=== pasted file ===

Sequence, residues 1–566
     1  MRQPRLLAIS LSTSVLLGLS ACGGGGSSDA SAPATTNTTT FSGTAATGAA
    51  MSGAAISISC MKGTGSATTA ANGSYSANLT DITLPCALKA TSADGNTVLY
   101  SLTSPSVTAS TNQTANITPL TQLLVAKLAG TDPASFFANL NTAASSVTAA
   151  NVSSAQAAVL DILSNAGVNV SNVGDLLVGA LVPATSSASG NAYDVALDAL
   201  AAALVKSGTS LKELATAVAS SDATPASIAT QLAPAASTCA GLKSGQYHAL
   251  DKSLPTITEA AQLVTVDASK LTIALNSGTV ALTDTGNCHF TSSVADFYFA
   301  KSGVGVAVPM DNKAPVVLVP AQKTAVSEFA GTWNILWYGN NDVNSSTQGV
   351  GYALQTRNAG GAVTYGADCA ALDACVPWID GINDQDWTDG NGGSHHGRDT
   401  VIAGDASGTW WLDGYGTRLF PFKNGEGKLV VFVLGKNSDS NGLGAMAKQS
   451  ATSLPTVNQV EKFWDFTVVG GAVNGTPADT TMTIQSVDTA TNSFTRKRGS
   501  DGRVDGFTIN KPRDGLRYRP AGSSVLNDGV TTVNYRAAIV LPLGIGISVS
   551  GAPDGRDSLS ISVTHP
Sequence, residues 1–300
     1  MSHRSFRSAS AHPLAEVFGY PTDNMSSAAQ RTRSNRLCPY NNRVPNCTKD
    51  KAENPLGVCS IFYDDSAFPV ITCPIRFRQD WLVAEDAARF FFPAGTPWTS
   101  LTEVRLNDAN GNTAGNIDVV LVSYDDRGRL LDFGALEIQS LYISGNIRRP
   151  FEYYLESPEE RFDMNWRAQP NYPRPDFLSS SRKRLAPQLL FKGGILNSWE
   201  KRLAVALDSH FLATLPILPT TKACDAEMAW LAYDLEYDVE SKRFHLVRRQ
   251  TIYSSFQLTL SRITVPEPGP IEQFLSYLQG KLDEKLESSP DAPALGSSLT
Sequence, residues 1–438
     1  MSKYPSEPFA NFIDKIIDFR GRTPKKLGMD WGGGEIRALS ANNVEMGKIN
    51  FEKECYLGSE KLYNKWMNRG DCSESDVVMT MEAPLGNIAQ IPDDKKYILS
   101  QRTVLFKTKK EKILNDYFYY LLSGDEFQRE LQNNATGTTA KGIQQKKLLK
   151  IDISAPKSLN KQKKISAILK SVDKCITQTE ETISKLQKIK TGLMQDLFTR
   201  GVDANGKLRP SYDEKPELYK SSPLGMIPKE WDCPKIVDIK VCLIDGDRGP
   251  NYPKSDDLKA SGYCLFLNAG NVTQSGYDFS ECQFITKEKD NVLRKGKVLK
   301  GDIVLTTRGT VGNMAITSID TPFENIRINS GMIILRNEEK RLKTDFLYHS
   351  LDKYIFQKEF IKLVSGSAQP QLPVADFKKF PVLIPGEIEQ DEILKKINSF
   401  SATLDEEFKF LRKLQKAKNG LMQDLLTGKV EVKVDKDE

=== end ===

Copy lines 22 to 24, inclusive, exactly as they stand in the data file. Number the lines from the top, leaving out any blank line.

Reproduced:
     1  MSKYPSEPFA NFIDKIIDFR GRTPKKLGMD WGGGEIRALS ANNVEMGKIN
    51  FEKECYLGSE KLYNKWMNRG DCSESDVVMT MEAPLGNIAQ IPDDKKYILS
   101  QRTVLFKTKK EKILNDYFYY LLSGDEFQRE LQNNATGTTA KGIQQKKLLK